Medical-school applications boom: A good problem to have

UND’s medical admissions staff grapples with ‘Fauci effect’: a big jump nationwide in applications to medical schools


Late last year, Association of American Medical Colleges (AAMC) reported that applications to American medical schools are up.

Way up.

“In fact, nearly two dozen medical schools have seen applications jump by at least 25% this year,” one AAMC report put it, adding that whereas the year-over-year increase in applications has averaged below 3 percent nationally over the past decade, many schools have seen double-digit spikes in medical school app rates in 2020-21, relative to 2019-20.

The UND School of Medicine & Health Sciences (SMHS) is no different.

“Last year, our total applications were 1,451, but this year they’re 2,064,” explained Alyssa Montgomery, admissions officer for the SMHS Office of Student Affairs & Admissions, describing the difference between initial and “finalized” applications the school receives through the American Medical College Application Service (AMCAS) as sort of like the difference between gross and net income. “But finalized apps are up too. This year we had 1,188 finalized apps. Last year was 655.”

That’s an 81 percent increase, which is an astounding spike in applicants to the only medical school in North Dakota in one year and outpaces the increase seen at most other American medical schools.

The Fauci effect

Although the reasons for the dramatic bump vary by college, Montgomery’s supervisor Jim Porter, Ph.D., associate dean for Student Affairs & Admissions at the School, admitted that at least some of the increase at the SMHS can be attributed to the so-called “Fauci effect.”

Named after Dr. Anthony Fauci, the director of the National Institute of Allergy and Infectious Diseases who became a household name in 2020 for leading the White House Coronavirus Task Force, the Fauci effect describes a boost of interest in health sciences careers – physicians, nurses, public health professionals – among Americans of all ages.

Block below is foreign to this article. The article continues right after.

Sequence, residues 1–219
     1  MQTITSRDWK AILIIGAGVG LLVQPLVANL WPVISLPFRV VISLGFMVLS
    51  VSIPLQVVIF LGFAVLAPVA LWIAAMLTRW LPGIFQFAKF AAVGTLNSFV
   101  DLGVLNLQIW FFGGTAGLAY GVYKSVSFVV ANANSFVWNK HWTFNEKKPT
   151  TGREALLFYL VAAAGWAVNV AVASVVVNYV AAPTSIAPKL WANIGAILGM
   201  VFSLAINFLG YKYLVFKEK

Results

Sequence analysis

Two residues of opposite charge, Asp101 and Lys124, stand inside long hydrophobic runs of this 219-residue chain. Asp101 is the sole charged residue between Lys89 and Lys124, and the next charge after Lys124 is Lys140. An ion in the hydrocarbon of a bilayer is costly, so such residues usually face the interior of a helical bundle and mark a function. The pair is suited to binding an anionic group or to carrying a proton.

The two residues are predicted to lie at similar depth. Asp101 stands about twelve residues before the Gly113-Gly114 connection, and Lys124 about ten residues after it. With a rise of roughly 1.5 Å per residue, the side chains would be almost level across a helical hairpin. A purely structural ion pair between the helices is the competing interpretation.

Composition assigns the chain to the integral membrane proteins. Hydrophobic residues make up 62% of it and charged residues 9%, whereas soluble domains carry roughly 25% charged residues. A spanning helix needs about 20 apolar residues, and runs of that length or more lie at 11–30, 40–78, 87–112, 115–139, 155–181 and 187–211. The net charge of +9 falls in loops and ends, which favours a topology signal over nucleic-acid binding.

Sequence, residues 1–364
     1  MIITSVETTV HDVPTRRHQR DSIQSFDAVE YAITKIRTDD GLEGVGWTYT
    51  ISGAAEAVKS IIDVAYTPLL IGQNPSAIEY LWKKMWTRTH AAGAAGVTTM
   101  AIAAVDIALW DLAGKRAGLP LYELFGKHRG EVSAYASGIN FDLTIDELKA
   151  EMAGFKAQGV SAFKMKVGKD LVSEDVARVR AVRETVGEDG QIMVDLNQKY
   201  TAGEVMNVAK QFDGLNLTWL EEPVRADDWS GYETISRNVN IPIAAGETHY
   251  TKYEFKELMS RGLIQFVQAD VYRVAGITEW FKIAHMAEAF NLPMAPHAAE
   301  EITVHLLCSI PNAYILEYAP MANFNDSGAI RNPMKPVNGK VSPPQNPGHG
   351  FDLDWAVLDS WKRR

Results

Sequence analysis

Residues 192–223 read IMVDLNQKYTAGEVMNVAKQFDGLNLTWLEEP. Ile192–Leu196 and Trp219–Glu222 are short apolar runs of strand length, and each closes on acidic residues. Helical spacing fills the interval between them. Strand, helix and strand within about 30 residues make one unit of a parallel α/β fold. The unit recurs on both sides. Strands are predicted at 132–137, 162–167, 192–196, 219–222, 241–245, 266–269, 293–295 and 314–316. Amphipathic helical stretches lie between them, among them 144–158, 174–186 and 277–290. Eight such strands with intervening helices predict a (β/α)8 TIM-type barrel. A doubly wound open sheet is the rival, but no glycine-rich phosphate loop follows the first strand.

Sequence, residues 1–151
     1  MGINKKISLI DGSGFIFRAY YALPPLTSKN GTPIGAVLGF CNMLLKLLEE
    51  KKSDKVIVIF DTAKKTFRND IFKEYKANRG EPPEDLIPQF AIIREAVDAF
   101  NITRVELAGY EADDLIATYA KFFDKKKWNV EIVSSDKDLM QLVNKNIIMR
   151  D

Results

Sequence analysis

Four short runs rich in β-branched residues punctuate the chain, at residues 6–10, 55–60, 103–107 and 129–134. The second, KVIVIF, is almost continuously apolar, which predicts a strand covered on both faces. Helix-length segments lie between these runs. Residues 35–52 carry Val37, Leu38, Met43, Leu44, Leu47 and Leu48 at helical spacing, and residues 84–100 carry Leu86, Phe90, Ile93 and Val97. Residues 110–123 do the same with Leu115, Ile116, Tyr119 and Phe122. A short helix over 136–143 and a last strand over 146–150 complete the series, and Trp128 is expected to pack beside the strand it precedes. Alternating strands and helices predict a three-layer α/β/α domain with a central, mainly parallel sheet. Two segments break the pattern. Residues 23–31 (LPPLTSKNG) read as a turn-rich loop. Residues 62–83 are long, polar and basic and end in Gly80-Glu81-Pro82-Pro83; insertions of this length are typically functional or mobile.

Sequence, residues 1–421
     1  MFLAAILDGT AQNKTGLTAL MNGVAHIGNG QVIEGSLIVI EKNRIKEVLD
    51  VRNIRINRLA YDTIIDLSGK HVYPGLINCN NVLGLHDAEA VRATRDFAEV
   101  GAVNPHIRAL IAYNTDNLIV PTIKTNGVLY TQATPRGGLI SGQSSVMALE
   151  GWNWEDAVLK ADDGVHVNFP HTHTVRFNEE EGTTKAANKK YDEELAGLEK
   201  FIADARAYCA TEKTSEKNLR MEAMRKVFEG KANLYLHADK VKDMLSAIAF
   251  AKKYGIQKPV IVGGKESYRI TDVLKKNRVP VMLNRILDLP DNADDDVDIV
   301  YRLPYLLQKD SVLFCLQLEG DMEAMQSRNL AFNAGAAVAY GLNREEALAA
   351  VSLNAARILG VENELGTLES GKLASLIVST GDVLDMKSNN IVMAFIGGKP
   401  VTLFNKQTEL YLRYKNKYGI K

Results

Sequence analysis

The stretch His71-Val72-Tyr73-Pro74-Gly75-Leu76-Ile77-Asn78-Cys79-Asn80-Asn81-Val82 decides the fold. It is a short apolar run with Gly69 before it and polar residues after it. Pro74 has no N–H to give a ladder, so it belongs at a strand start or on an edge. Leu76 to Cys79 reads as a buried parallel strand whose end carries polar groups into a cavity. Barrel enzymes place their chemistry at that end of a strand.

“Everyone has a reason for going into medicine and maybe that was it,” said Porter. “We hear that all the time in interviews. We ask [applicants] why they want to go into medicine and they all have different stories, but the common theme is some kind of event in their life that happened to either them or their family.”

The most serious and widespread global pandemic in more than a century certainly fits that bill.

That said, Montgomery added that a variety of other factors made applying to medical school easier in 2020, including the fact that all interviews were conducted virtually.

“It was easier for applicants this year to submit [final] applications to, let’s say, ten schools, because if they’re offered interviews at all ten schools, they don’t need to make travel plans – they can do it virtually,” she said. “This year, more than any other, it was beneficial for applicants to throw their applications out wherever they had an inkling.”

Plus, Porter added, emerging COVID regulations meant that it wasn’t clear last summer and fall if students would even be allowed in the hospitals to bulk up on shadowing experiences with already overtaxed physicians.

“A similar argument can be made for a college course that would be beneficial to have on the applicant’s transcript,” he said. “Knowing that a lot of undergraduate courses at other
institutions were limited during the pandemic, applicants submitted applications without courses or shadowing that would normally strengthen their submission.”

Physician workforce

Whatever the reason, the bump in applications to not only medical schools but other health programs – such as UND’s Master of Public Health program, which saw an 80% increase in completed applications since 2019 – has put admissions committees in the enviable position of having a larger, and arguably stronger, pool of applicants to consider, even if the increase has also meant more work.